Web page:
In-Memory or Live Data: Which Is Better?

Discussion in 'Tableau' started by tableau, Oct 24, 2015.

  1. tableau

    tableau Well-Known Member

    The short answer is both.

    Companies today are using both to deal with ever-larger volumes of data. For the business user, analyzing large data can be challenging simply because traditional tools are slow and cumbersome. Some companies are turning to in-memory BI solutions, which let users extract set of data and take advantage of the computing power on their local machine to speed up reporting and take query load off their transactional systems. Others are investing in fast, analytical databases that are distinct from their transactional systems.

    There are times when you need to work within the comfort of your own PC without touching the database. On the other hand, sometimes a live connection to a database is exactly what you need. The most important thing is not whether you choose in-memory or live, but that you have the option to choose.

    Let’s look at some scenarios where in-memory or live data might be preferable.

    In-Memory Data is Better…
    When your database is too slow for interactive analytics

    Not all databases are as fast as we’d like them to be. If you’re working with live data and it’s simply too slow for you to do interactive, speed-of-thought analysis, then you may want to bring your data in memory on your local machine. The advantage of working interactively with your data is that you can follow your train of thought and explore new ideas without being constantly slowed down waiting for queries.

    When you need to take load off a transactional database

    Your database may be fast, it may be slow. But if it’s the primary workhorse for your transactional systems, you may want to keep all non-transactional load off it. That includes analytics. Analytical queries can tax a transactional database and slow it down. So bring a set of that data in-memory to do fast analytics without compromising the speed of critical business systems.

    When you need to be offline

    Until the Internet comes to every part of the earth and sky, you’re occasionally going to be offline. Get your work done even while not connected by bringing data in-memory so you can work with it right on your local machine. Just don’t forget your power cord or battery— you’ll still need that!

    A Live, Direct Data Connection is Better…
    When you have a fast database

    You’ve invested in fast data infrastructure. Why should you have to move that data into another system to analyze it?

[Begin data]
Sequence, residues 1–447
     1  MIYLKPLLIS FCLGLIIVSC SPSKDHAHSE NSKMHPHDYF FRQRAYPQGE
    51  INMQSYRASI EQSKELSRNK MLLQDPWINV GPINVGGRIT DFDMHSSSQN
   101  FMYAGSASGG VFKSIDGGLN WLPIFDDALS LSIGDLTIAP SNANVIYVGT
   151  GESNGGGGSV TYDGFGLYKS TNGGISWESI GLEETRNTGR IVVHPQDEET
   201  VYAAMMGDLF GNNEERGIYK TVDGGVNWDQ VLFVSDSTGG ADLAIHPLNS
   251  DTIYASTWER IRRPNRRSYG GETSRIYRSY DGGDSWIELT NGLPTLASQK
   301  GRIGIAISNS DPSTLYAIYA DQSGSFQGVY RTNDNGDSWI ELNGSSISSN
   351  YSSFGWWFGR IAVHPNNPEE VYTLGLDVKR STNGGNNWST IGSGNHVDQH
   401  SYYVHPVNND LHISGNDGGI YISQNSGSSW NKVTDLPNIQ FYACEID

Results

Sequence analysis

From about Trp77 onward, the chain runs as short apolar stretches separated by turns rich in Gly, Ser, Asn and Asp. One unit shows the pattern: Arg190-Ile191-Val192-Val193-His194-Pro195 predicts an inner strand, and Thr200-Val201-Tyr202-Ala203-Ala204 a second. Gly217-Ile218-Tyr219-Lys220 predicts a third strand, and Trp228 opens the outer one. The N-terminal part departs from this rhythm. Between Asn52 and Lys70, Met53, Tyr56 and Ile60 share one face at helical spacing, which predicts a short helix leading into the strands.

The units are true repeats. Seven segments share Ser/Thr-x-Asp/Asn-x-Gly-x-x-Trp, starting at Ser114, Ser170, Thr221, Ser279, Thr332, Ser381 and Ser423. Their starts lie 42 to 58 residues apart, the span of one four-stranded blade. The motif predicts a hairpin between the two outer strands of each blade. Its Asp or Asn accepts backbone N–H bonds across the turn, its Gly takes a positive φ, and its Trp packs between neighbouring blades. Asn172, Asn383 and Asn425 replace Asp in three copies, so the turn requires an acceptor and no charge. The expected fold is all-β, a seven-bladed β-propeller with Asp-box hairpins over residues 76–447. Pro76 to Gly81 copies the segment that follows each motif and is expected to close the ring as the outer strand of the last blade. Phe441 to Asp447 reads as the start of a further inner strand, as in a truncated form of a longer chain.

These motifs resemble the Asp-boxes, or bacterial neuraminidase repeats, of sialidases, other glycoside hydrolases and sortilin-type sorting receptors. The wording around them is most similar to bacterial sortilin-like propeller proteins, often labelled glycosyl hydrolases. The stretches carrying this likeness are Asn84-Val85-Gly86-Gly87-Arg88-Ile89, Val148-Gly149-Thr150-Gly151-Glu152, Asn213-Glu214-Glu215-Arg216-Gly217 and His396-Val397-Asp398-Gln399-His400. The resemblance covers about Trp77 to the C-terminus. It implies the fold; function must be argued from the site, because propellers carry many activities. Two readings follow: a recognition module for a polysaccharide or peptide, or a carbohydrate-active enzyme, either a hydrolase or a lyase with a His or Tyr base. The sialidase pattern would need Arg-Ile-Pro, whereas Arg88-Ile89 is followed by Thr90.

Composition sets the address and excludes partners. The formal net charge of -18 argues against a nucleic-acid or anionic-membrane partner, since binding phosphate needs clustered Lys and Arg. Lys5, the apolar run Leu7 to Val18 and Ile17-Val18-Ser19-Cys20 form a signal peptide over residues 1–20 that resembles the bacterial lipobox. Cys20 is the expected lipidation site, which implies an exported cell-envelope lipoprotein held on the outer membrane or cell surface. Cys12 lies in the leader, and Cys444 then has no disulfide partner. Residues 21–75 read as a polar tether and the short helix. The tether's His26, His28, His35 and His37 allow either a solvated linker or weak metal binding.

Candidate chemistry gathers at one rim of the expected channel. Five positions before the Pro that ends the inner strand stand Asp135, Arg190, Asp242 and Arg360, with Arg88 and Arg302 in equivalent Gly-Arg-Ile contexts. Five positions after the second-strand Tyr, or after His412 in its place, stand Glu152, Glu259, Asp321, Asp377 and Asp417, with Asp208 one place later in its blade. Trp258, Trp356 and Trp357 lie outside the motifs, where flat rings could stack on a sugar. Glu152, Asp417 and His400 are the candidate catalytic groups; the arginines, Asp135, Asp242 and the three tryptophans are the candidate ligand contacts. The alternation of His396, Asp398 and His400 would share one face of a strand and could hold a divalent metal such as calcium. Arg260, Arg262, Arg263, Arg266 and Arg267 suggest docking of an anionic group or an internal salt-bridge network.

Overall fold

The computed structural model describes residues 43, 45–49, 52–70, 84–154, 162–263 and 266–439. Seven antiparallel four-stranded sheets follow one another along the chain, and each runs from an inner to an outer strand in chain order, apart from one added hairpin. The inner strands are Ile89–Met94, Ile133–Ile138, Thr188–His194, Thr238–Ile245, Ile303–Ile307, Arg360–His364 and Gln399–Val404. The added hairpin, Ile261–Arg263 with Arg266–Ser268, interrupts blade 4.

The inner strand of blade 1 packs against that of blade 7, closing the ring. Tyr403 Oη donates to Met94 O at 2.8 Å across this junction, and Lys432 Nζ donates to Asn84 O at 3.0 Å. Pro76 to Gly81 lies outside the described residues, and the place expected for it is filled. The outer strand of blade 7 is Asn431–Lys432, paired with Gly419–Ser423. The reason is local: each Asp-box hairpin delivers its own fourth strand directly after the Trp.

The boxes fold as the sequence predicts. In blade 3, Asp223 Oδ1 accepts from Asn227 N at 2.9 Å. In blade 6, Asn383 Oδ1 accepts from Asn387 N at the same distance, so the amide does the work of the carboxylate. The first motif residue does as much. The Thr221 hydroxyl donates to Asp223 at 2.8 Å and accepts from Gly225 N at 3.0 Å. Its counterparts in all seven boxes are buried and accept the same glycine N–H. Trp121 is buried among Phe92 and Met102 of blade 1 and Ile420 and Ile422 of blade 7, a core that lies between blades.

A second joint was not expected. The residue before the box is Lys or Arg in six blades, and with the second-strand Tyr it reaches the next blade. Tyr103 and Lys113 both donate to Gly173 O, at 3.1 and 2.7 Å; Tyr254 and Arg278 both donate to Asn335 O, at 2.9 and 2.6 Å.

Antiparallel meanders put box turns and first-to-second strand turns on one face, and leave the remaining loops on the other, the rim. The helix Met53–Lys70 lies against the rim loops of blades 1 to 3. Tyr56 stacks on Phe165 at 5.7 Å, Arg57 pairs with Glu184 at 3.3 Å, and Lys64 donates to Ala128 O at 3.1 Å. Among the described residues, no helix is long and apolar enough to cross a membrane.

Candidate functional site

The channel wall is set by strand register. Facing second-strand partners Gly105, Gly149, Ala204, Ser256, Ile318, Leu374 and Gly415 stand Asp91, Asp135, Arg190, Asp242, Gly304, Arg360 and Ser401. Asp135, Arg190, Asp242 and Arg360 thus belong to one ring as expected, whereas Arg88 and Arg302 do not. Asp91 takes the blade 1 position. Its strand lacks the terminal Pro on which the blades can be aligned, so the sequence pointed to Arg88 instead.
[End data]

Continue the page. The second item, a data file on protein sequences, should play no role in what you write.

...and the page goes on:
You shouldn’t. Leverage your database by connecting directly to it. Avoid data silos and ensure a single point of truth by pointing your analyses at a single, optimized database. You can give business people the power to ask and answer questions of massive data sets just by pointing to the source data. It’s a simple, elegant and highly secure approach.

    When you need up-to-the minute data

    If things are changing so fast that you need to see them in real-time, you need a live connection to your data. All your operational dashboards can be hooked up directly to live data so you know when your plant is facing overutilization or when you’re experiencing peak demand.

    And the Best Choice? Both, of Course.
    Even better is when you don’t have to choose between in-memory and live connect. Instead of looking for a solution that supports one or the other, look for one that supports choice. You should be able to switch back and forth between in-memory and live connection as needed. Scenarios where this is useful:

    • You want to use a sample of a massive data set to find trends and build your analysis. You bring a 5% sample of the data in-memory, explore it and create a set of views you want to share. Then you switch to a live connection so your reports are working directly against all the data. Publish your views, and now your colleagues can interact with your analysis and drill down to the part of the data most relevant to their work.
    • You’re flying to New York and want to do some analysis on the plane. You bring your entire data set, several million rows, into your local PC memory and work with it offline. When you get to New York, you reconnect to the live data again. You’ve done your analysis offline and in-memory, but you are able to switch back to a live connection with a few clicks.
    Neither in-memory nor live connect is always the right answer. If you’re forced to choose, you’ll lose something every time. So don’t choose—or rather, choose as you go. Bring your data in-memory, then connect live. Or bring recent data in-memory and work offline. Work the way that makes sense for you.
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